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Miscellanies: S. D. Luzzatto Suggested as Haham, 1853

A. Schischa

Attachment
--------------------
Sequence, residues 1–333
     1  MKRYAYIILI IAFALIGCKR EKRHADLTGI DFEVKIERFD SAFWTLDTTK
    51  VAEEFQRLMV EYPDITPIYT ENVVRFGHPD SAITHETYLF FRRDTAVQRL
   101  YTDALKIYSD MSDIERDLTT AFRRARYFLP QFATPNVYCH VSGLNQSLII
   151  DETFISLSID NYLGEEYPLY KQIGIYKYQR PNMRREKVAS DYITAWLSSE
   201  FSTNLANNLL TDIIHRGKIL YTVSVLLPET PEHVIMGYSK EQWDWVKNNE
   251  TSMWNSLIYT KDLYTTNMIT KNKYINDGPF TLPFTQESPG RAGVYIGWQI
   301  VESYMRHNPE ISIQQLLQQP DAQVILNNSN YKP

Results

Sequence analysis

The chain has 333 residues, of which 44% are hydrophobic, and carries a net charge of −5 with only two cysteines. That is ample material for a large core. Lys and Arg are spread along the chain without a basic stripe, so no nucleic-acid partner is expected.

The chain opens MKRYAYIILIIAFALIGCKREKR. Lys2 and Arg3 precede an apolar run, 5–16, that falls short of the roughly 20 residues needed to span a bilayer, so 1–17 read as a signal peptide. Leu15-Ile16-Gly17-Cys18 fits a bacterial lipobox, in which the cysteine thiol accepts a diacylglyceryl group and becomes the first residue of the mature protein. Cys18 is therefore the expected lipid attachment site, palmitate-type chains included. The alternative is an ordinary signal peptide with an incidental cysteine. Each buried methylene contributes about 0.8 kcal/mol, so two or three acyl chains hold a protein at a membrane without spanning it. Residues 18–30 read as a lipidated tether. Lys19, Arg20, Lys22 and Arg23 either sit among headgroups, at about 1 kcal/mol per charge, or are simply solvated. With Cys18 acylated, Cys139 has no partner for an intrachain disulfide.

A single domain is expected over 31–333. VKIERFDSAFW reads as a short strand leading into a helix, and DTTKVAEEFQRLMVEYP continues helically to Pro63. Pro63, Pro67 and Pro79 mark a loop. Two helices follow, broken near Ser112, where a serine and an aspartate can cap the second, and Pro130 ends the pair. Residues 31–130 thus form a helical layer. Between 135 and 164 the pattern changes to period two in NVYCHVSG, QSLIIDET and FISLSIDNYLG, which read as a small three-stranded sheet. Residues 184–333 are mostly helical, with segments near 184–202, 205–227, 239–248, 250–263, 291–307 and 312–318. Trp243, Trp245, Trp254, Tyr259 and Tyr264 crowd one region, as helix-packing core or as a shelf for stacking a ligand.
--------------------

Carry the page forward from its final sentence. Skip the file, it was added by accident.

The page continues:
<plain_text><page sequence="1">S. D. Luzzatto suggested as Haham, 1853 A. SCHISCHA Haham Raphael Meldola died in London in 1828,1 but the office of Haham at Be vis Marks was not filled for the next 38 years.2 It might have taken even longer, but for the fact that in 1865 the Yehidim forced the issue and the Mahamad almost perforce agreed that the time had come to fill the post. The ultimate result was the appointment of the Chief Rabbi of Naples, Dr. Benjamin Artom, as the Haham of London.3 Neither of the two chroniclers of the fortunes of Bevis Marks4 was apparently aware that already in 1853 strong voices were heard which favoured an early appointment, and that at least two prominent Elders of the community expressed these views. Indeed, that such views should have been expressed is not surprising?surprising is the person they put forward as being suitable for the position? namely, Samuel David Luzzatto, of Padua, Italy. Luzzatto, better known in Hebrew literature by the initials of his name, V^ttf, ShaDal, was one of the prominent personalities of the Wissenschaft des Judenthums, and by any measure the best-known Jewish scholar of Italy of his time. His scholastic interests ranged far and wide?medieval Jewish poetry, Maimonides, Hebrew grammar, the liturgy, and above all Biblical studies and translations.5 The Hebrew Review and Magazine for Jewish Literature, which appeared in London in 1860, under the editor? ship of M. H. Bresslau, printed in its columns Luzzatto's Autobiography.6 It is the only bio graphy of a living scholar which Bresslau printed in his magazine; all others?they were many?were of sages of times gone by.7 In the issue of 9 March 1860 (page 333), he thought it appropriate to publish a short note by an anonymous contributor8 which sheds light on this interesting episode in the life of the community. In the introduction to the letter by ShaDal he was about to publish he wrote: 'When it was contemplated by the ancient Sephardim Synagogue in London, in the year 1853, to appoint a Chief Rabbi, two respected members of the Elders of the Synagogue wrote to R. S. D. Luzzatto, who resides at Padua, inquiring whether he would accept the high office. The following was the reply, for the original of which we are indebted to a subscriber9. translated by one B.H.A. from the German, which was published in the Jahrbuch of Busch, Vienna, 1848. It relates only to the first 20 years of his life. Luzzatto continued his story in Hamaggid, 1858. Another version was published posthumously by his son, Dr. I. Luzzatto: Autobiografia di S. D. Luzzatto, etc., Padova, 1882. Luzzatto was rather forthcoming with biographical details in his letters to friends, in the introductions to his many books, in occasional poems, etc.; all these were skilfully gathered together and published as a reconstructed autobiography by Dr. M. A. Shulwas, j^pID D^tt, in rVP&amp;Vn, vol. 5, pt. l-2, New York, Yeshiva University, 1951, pp. 1-116. 1 See Dr. Richard D. Barnett, 'Haham Meldola and Hazan de Sola', Transactions J.H.S.E., Vol. XXII (ed. J. M. Shaftesley, London, 1968), p. 9. 2 Albert M. Hyamson, The Sephardim of England, London 1951, p. 255. 3 Hyamson, ibid., pp. 342/343. 4 Haham Dr. Moses Gaster, History of the Ancient Synagogue of the Spanish and Portuguese Jews. . . . 1701-1901, London, 1901. Hyamson, op. cit. 5 His life is well documented?see all reference books; as to his bibliography, see S. Shunami, Bibliography of Jewish Bibliographies, 2nd ed., Jeru? salem, 1965, s.v. 6 It appeared in serial form in the issues between 13 Jan. and 14 Feb. 1860. This autobiography was 7 Life of R. Saadia Gaon, by R. S. L. Rapoport; Don Isaac Abarbanel; R. Abraham ben David, etc. 8 It is Bresslau himself. 9 In the nine parts of 7"TO JTHJlN, published by S. E. Greber, Jaroslau, 1882 et seq., neither the present letter nor the one mentioned in the course of this letter by ShaDaL as having been written to Solomon Almosnino has been published?and I have not found any mention of this episode in any of the letters of ShaDaL of the period. I have not been able to consult the two volumes of Italian letters published in Epistolario Italiano Francese Latino di Samuel David Luzzatto da Trieste (pubblicato da' suoi figli), 2 vols., Padova, 1890. 143</page><page sequence="2">144 A. Schischa The letter then follows thus: 'Padua, Dec. 23, 1853. 'Respected Sir,?The serious malady which for many months has threatened the life of my son, hitherto prevented me from replying to your letter of November last, and to that of Mr.-' Then follows the body of the letter in the original Hebrew. The text is as follows: ?a # m:** otc6 ayoa ywrb ?aann *6i # ??? *sn rnarpo nnaan ??rfv nw m *a iSba two w?w *a-&gt;pa toi* *a^&gt; toa ? ? naa }w own ^in *a*o / inwaiD ircwa nw?vm *n*reD tok to *ar?c *aam #*ntoa jj^ki 'n Dt?a nsaa* hotk hd toa #mM?o?i inSnpa cnpa irrcfc *b Knpb i^ya jri a?aa nyan*&amp; aa *ax\ # w?!i *6 jvVaa? ns^i * nap a*a p *aai ?nana naai na ?amaa x&gt;k iwan top^&gt; toia *6vniaa ?im okd ?a?ya np*n n*?to?d nna og; m vapw&amp;t n naion 0?najnw ??n ne&gt;? nrnio uatyi #ryjto *vya an nny ntoA tov *6 r fm6 ?nS&gt;n itaipo nwh tov &gt;Vi*o # n*rai :n?m nat? -ny may *iy impd toi Dito&gt; iivai Dito? nnx # 'n im ip?n ?am nny nm ?*i ?nn itoa ao dvm fnnss no nvan P?aai itp&amp;aa # ?ito&gt; [ton? =3 to :idk?? nn #t?? From this we gather that ShaDal firmly declined the honour offered to him. He thought his age?he was then 53?was against accept? ing the appointment, and so was his lack of knowledge of the English language. As a further reason for refusing the candidacy he gave his large family; he was the father of four sons and two daughters.10 This reason is rather puzzling?and the possible explanation may be that whoever had written to him may have mentioned something of the dire financial state in which the Sephardim of London were at that time.11 Luzzatto may have thought that those who extended the invitation to him should be aware of the commitment they might have undertaken. However, while he declined the offer, he had nevertheless a suggestion to make, a suggestion he had already made in a previous communica? tion to Solomon Almosnino, the Secretary of Bevis Marks, that Dr. Moses Ehrenreich should be nominated Haham. Ehrenreich, a native of Brody, in Galicia, studied under Luzzatto in Padua, and became one of his closest friends. He collaborated with his teacher in the translation of the Bible into Italian. He was married to the daughter of I. S. Reggio, and at the time Luzzatto wrote his letter, he was Chief Rabbi of Modena. He ultimately became Chief Rabbi of Rome, where he died in 1899.12 It is futile to speculate13 on how the fortunes of the London Sephardi community would have developed had Luzzatto been elected Haham but it makes one think. 10 Cf. Genealogical table at end of Autobiografia (see note 6). Philossena (Filoxene), the son who caused him the anguish, died on 25 Jan. 1854. 11 Cf. Hyamson in chapters dealing with the interregnum 1828 to 1866. 12 Jewish Enc., s.v. Ehrenreich, Moses. 13 It is just as futile to speculate about the identity of Luzzatto's two unnamed correspondents, but it is nevertheless tempting to surmise, from their standing, connections, and qualifications, that they might have been Sir Moses Montefiore and Moses Mocatta.</page></plain_text>